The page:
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‘What’s this Bongo? What does that say?’

A hand painted sign held great promise; on one side a crude drawing of someone sitting cross-legged holding a stick, on the other a two headed man.

Bongo sighed his ‘it is my duty’ sigh then began to translate.

‘Lord Shi…’

Before he could get any further he was mown down by a magnificently grubby gypsy; an Indian gypsy, admittedly – but a gypsy just the same. They’re a carnival breed, a strain of rogues and reprobates born to gleefully extract money from every stupid punter they could find. Of course, I liked him straight away.

My gypsy began talking and wasn’t going to stop till I gave him money. Inside, he proclaimed loudly, was Lord Shiva himself – come straight down from Paradise for Assamese New Year. He was floating in this very tent. My gypsy flung his arms out wide.

‘Shiva Magic!’

Well, nothing was going to stop the Dog from tasting that magnificence. He loves a visitation.

‘How much?’

Five rupees. Shiva comes cheap in Silghat.

‘I’ll pay for you, Bongo.’

He shook his head. He was sulking already.

Dog launched in to the tent, eager for his pre-paid miracle. A grubby lad hoiked a flap of plastic sheeting aside and there he was, bathed in a ghostly turquoise light; Lord Shiva himself, fresh from heaven; floating in mid-air, just as advertised, unaided by mortal hand.

Shiva Magic, indeed.


Once a year in April a tiny township about half-way down the Brahmaputra is flooded with tens of thousands of the surrounding locals, all drawn together for one reason – the show had come to Silghat. So had I.

First and foremost it was about shopping and eating. Kilometres of stalls had sprouted on either side of the road beside the river. From the township to the fair-grounds hundreds and hundreds of roadside shops flogged the usual range of Indian carnival necessities: blown up pink animals, wooden toys, religious paraphernalia, painted piggy banks, bright green plaster parrots, pictures of Lord Shiva, posters of fat naked babies, garlands of plastic flowers; all the fun of the fair – and promenading along this single street was most of Assam, come in from the country for these two great days.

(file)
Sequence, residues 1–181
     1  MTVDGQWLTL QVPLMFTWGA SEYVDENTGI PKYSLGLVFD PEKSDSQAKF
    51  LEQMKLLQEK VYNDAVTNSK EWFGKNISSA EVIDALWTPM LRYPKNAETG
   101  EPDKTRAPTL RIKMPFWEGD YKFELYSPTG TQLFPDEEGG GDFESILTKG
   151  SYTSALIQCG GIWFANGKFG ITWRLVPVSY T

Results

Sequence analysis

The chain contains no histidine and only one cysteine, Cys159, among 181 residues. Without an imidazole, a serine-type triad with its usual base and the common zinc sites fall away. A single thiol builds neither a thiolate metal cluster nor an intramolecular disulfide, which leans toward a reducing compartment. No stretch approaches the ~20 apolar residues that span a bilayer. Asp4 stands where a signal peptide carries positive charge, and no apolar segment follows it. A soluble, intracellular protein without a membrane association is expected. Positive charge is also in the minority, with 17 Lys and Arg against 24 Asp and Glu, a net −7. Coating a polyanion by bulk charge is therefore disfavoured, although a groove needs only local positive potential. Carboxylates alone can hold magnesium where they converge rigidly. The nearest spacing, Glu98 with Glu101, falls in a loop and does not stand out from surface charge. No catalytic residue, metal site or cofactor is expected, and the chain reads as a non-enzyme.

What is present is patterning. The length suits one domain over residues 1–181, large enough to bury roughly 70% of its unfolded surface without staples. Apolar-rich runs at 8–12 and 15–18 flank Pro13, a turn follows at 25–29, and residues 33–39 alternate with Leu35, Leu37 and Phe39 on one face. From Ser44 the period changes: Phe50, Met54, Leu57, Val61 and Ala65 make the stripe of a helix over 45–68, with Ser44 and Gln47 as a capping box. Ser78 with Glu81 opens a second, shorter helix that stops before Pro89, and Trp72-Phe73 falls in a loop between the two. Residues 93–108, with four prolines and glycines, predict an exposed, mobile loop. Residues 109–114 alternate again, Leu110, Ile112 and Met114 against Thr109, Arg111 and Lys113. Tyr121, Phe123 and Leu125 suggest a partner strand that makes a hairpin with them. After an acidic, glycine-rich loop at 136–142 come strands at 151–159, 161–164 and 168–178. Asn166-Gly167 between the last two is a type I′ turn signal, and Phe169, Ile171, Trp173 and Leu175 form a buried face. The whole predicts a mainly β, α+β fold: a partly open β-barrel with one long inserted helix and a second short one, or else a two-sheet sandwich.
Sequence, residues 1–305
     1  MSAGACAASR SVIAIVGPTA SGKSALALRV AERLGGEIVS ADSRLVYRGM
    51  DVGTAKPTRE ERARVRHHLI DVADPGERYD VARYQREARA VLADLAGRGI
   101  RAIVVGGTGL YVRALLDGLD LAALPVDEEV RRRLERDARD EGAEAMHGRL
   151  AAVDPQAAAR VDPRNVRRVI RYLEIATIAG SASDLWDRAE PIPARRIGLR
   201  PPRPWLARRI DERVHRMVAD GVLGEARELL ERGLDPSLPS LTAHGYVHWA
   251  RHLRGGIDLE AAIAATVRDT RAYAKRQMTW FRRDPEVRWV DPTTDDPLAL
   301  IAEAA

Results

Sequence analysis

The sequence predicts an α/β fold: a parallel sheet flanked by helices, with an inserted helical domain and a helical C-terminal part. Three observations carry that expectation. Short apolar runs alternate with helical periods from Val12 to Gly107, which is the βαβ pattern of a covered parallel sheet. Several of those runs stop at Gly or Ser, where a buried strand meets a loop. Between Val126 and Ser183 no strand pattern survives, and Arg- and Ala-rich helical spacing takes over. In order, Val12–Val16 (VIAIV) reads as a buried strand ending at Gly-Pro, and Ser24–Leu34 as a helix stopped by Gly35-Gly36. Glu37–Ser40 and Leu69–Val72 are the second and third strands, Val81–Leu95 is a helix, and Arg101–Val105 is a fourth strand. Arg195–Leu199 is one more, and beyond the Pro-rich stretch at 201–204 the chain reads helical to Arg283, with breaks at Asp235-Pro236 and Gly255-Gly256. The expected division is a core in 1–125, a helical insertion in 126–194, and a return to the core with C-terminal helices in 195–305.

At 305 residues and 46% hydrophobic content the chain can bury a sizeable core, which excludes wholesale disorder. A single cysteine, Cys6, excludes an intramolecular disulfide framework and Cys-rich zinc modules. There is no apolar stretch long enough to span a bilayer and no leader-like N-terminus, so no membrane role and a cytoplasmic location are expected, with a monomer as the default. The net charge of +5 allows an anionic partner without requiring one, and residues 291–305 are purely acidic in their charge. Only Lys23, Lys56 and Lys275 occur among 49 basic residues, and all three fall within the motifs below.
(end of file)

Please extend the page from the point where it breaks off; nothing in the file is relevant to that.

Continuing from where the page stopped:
There was a Ferris-wheel, tied together, as usual, with string; a Well of Death where fearless Indian motor-bikers drove round and round a vertical wall while a hundred spectators crammed above, waiting for their advertised fatality; a children’s roundabout, complete with screaming passengers, games of chance, knock ‘em down booths, balloon shooting stalls, dart throwing games – and, from personal experience, some of the worst sideshows in the world.

Lord Shiva was, of course, a local lad sitting on a platform that extended, not very miraculously, from the back of a nearby truck. He was dressed rather like an orange Father Christmas with a thick cotton-wool beard and cotton wool eyebrows. His hair was white, wound in a knot and balanced on his head. Four dreadlocks curled around his chest. Lord Shiva wiggled his head ferociously. Dogster wiggled cheerfully back and feigned great wonder. Lord Shiva knew as well as I that it was the most pathetic miracle he’d ever seen but felt compelled to keep up his part of the bargain. More head wiggling and what might have been a broad Shiva smile – it was impossible to tell under the cotton-wool.

Lord Shiva and Mr. Dogster parted company. I hoped he didn’t have to sit on that plank all day. It was awfully hot. His cotton wool was on the droop.

Under another flap of canvas right next door was the second promised wonder – the two headed man. Hold on to your hats. Here was another unfortunate carnival boy whose punishment it was to sit pressed up against a large mirror in the dark. One visible leg lay extended on one side, his striped shirt pressed up against one edge of the mirror, his head stuck out at an angle. My God, it truly was a two headed man! Incredible!